I put some effort into collecting all the evidence available to me and then wrote up a detailed 2-page report of what happened and submitted it along with proof of delivery, proof of purchase of the original phone, eBay listings for other iPhones purchased by this fraudster and info on other sellers that he defrauded. Ive also filed a USPS Mail Fraud complaint and FBI-run Intenet Crime Complaint Center complaint . All of these I submitted to PayPal Resolution Center and started praying to the gods of fraud detection at PayPal and the Credit Card companies.
Hope Dies Last
On November 29th, I got a ”Notification of Resolution of Chargeback” from PayPal:
“As you know, we have been using the information you provided to dispute a chargeback filed against the transaction detailed below. Despite our best efforts, the buyer’s credit card company decided in favor of the buyer.
Unfortunately, we do not control the outcome of the chargeback decision reached by the buyer’s issuing bank in a credit card transaction. By accepting the terms of the PayPal User Agreement, you agreed to accept the decision of the issuing bank as final and legally binding for this type of dispute.”
In essence what this means is that the buyer found the PERFECT eBay/PayPal SCAM
- Buy several expensive items on a credit card(or several credit cards)
- Issue “merchandise not as received” chargebacks through these credit cards
- Keep your expensive items
- Keep their cash
This business model puts underpants-stealing gnomes to shame.
IS IT REALLY THIS SIMPLE?
Yes, it is. Because both eBay and PayPal provided this fraudster with loopholes all the while collecting hefty fees for their transactions.
How did eBay enable this fraud to happen:
- eBay no longer allows sellers to leave negative feedback about buyers. This pretty much kills the ability of sellers to warn their fellow sellers of fraudulent buyers
How did PayPal enable this fraud to happen
- PayPal advertises confidence-inspiring Seller Protection without highlighting lack of coverage for “merchandise not as describe” or providing solutions to this issue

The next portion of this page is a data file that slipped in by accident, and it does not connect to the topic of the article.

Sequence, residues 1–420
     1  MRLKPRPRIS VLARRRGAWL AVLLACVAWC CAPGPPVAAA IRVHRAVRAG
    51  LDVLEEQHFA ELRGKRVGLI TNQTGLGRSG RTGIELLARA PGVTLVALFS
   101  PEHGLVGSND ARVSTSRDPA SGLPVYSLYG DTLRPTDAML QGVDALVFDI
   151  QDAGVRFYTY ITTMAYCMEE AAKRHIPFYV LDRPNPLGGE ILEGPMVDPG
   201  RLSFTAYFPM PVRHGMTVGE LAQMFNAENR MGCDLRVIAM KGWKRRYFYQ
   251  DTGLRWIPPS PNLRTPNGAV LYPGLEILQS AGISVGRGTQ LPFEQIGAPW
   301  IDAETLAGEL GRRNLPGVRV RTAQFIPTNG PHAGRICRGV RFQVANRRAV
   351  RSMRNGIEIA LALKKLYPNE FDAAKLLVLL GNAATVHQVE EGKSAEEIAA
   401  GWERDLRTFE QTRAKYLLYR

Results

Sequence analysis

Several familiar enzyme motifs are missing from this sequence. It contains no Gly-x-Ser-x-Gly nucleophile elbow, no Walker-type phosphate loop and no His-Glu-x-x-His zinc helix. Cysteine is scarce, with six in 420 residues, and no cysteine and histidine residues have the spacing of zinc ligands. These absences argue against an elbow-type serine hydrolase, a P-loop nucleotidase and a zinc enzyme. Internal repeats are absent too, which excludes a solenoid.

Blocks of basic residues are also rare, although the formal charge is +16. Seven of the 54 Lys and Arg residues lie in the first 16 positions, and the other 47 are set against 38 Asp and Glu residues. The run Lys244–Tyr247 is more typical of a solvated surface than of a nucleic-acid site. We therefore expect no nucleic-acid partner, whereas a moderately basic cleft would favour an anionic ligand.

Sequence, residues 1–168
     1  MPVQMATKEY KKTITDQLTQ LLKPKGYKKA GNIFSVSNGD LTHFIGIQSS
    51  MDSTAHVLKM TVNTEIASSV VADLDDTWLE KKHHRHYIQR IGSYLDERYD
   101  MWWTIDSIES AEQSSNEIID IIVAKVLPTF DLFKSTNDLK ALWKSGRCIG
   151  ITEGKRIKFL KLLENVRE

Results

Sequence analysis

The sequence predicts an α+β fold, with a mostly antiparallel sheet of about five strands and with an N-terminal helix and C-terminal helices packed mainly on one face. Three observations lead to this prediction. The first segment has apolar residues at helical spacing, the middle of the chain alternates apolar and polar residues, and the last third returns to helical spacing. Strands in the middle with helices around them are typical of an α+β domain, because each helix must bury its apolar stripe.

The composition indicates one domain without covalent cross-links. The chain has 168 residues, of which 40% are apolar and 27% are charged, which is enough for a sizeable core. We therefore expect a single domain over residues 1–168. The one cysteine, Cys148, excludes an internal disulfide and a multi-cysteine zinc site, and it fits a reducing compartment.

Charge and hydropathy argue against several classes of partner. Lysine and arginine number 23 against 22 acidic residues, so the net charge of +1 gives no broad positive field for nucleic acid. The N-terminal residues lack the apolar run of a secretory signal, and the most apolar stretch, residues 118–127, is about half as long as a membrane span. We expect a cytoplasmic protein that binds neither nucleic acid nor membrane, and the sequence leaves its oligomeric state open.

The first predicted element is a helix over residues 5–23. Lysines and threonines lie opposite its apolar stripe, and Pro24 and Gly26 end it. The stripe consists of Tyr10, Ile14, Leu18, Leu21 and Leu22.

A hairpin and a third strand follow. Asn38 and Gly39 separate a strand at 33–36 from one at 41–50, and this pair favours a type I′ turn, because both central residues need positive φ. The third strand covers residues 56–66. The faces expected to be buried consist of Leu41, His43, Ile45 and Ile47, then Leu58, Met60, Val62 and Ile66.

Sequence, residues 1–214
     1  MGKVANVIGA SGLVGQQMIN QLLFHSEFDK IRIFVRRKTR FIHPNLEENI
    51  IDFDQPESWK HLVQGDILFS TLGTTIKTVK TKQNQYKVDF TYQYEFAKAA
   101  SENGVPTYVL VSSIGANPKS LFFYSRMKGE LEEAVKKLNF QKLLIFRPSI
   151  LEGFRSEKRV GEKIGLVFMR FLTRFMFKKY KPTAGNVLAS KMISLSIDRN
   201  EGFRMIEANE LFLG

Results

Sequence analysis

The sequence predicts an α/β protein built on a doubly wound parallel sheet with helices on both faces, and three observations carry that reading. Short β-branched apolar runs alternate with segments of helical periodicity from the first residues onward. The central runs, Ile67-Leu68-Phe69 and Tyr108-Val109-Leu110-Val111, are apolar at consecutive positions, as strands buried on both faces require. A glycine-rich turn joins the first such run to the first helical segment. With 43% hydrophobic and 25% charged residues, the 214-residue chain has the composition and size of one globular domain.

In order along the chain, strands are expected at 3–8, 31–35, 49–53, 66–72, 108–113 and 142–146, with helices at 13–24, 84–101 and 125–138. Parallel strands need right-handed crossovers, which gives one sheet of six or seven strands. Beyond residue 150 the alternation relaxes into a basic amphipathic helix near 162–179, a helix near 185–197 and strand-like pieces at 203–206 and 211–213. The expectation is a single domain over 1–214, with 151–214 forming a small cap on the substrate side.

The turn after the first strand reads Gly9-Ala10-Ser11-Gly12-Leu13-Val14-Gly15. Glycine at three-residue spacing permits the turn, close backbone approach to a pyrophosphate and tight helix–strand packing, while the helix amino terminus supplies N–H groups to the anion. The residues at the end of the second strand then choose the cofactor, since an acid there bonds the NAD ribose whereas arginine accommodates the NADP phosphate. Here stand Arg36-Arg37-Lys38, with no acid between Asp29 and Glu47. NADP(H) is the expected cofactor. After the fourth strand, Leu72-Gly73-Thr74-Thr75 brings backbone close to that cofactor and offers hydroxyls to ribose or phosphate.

- PayPal doesn’t require the buyer to return the item in case of “merchandise as described”
- PayPal doesn’t allow the seller to contact the buyers credit card issuer in order to try to dispute the chargeback directly
eBay/PayPal SELLER PROTECTION IS WORTHLESS. If you’re thinking of selling an expensive item on eBay, think again. There is virtually no protection against “NOT AS DESCRIBED” chargebacks for you.
Your only chance of collecting the money is to file a police report at the location where you delivered your item, try to confirm the identity of the perpetrator and to file a small claim in order to collect it. Neither PayPal nor eBay will help you with it.
I sold iPhone 5 on eBay to a fraudster that issued “ITEM NOT AS DESCRIBED” chargebacks against me and 3 other sellers and won. eBay/PayPal did not cover me under Seller Protection and did very little to dispute the chargebacks or to force the buyer to send it back.
Im out of nearly a thousand dollars(after eBay fees) and the iPhone while the fraudulent buyer is enjoying his FREE iPhone from me and 3 other sellers and both PayPal and eBay do collect fees from these fraudulent transactions that they do not help with resolving.
Discuss this on HackerNews
Thanks for all the supporters that helped this blog post go viral on both HackerNews and Twitter. Both executive team office and Developer Evangelists at PayPal, as well as investigators from eBay have reached out to me in order to resolve this case. Please read my Post-Mortem post, where I outline my experiences once this story became highly visible.